White double-weave cotton has had a chokehold on martial arts wear for more than a century, but a pair of Kiwi entrepreneurs are planning to shake up the ring by introducing a revolutionary range of performance fightwear.
After five years of development—including a lengthy collaboration with AgResearch—a perfect collision of technical talent and international business cred has seen Lavinia Calvert and Grant Scott, owners and founders of Dunedin-based startup Gimono, launch an alternative to the traditional cotton gi. Calvert says although martial arts have become mainstream, the uniform hasn’t kept up with the times. It may stand up well to the repeated stress of grabbing and throwing, but fails miserably from a comfort perspective; heavy and stiff to wear, it absorbs moisture quickly while being slow to dry.
Manufactured in Christchurch and available in white, black, red and blue, the gimono is set to change all that.
The pair now own the intellectual property for a lightweight knit known as Fortitude, blending the strength of polyester on the outside of the garment with a soft, breathable wool inner layer. While AgResearch may have handled the scientific development, the concept is entirely Calvert and Scott’s.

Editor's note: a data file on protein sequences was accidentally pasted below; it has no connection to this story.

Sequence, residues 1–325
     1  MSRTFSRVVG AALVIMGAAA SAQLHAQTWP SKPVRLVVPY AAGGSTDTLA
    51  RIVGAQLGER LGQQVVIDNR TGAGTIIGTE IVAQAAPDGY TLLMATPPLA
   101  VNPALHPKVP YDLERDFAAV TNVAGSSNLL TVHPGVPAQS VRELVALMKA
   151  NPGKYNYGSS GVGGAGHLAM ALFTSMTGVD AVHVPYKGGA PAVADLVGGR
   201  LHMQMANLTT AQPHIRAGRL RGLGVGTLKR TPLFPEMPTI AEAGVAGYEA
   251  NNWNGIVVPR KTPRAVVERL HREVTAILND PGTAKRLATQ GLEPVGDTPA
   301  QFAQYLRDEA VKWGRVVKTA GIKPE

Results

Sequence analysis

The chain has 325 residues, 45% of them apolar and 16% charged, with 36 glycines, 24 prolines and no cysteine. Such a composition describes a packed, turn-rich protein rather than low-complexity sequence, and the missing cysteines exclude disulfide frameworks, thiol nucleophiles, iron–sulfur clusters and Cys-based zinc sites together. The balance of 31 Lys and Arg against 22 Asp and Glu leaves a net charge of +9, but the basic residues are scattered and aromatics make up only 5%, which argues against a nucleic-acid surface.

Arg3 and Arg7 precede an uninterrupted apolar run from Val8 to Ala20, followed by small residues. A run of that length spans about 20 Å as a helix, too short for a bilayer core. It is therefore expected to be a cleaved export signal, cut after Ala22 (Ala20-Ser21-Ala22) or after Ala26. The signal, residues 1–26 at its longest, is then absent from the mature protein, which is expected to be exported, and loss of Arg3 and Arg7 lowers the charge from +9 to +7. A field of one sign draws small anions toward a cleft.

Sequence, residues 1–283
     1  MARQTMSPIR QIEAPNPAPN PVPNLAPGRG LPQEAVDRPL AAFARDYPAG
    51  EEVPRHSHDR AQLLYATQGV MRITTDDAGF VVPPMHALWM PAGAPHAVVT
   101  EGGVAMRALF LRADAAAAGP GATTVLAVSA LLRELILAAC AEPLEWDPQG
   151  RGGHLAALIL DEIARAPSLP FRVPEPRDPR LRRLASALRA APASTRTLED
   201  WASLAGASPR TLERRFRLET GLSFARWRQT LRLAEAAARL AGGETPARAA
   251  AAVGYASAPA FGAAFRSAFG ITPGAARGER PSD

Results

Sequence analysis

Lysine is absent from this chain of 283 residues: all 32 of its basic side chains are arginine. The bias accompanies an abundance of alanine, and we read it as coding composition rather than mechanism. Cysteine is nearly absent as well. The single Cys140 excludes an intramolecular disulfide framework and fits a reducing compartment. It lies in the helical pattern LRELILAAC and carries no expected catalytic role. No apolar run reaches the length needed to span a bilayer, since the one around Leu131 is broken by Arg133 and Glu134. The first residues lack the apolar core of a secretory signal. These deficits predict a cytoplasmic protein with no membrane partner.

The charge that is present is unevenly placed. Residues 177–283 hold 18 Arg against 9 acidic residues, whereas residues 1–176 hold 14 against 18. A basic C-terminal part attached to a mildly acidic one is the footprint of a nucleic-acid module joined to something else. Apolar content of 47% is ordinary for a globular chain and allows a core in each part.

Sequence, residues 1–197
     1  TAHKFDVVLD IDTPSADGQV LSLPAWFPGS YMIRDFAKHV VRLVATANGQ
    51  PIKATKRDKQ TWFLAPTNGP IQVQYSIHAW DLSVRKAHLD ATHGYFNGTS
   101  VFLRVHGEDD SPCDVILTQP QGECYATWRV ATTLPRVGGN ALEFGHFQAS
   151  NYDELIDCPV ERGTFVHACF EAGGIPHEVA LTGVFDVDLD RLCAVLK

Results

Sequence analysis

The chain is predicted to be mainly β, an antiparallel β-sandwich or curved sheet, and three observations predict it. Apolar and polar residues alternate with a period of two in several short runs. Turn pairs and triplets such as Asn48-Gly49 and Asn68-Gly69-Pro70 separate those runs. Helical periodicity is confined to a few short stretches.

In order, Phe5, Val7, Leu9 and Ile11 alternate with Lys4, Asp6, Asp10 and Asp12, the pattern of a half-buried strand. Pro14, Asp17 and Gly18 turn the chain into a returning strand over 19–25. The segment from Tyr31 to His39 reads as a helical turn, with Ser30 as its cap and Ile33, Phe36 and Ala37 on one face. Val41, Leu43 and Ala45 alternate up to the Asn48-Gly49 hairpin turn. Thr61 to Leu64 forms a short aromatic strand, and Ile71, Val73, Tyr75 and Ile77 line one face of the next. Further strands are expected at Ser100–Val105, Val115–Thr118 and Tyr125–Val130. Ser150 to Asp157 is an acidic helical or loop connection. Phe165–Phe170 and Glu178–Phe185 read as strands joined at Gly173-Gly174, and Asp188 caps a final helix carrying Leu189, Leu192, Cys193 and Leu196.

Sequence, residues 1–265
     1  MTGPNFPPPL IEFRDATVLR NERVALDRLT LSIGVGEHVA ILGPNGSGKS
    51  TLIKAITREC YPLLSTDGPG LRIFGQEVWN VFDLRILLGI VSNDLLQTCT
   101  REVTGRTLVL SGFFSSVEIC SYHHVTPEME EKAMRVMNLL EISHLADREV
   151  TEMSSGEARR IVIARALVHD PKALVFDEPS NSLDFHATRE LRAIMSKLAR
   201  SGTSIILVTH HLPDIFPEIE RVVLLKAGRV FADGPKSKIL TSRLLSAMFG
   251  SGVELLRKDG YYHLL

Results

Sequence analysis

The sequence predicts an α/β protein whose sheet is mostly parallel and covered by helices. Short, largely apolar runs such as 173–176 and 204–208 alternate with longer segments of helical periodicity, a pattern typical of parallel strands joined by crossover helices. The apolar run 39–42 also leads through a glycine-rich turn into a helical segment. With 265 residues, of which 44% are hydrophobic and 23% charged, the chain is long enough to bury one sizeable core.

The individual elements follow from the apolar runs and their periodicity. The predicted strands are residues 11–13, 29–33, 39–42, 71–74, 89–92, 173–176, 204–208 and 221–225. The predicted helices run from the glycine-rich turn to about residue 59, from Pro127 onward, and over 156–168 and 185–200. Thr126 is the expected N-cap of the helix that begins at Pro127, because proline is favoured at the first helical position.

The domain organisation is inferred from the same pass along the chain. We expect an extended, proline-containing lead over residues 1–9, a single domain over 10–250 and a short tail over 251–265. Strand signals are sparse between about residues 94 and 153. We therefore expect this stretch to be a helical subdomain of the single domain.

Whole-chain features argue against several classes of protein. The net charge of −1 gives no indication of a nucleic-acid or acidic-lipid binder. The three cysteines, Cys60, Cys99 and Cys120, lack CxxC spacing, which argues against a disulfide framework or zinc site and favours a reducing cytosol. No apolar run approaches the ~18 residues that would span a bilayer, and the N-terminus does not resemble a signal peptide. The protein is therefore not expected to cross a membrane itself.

Although Gimono represents a substantial investment for the couple, it wasn’t entered into lightly. Scott is an instructor and black belt in judo trained in a variety of styles, while Calvert’s business savvy has been honed over 15 years of international experience, most recently as Reuters’ global head of strategy and marketing.
The concept for the Gimono range was born in 2005, one summer afternoon in Japan. Daily training sessions left Scott grappling with the shortcomings of the gi: “uncomfortable, hot and awkward to launder.” Says Calvert: “It was just a classic case of, ‘Why hasn’t someone already done this?’”
After returning to New Zealand and conducting market research to see if it was a universal problem, the couple set out to create a line of high-performance apparel.
“We’d done a fair amount of research beforehand and thought we could buy fabric off the shelf.” They thought wrong. Armed with a hefty list of criteria the pair set out to find a suitable textile, evaluating fabric samples from all around the world—including hemp, cotton and flax—before contracting AgResearch to develop a purpose-built material tailored to their vision. Sustainability was one of those requirements.
“In New Zealand and Australia we’re quite well educated on the benefits of wool,” Calvert says, “and farmers are welcoming another application for merino.”
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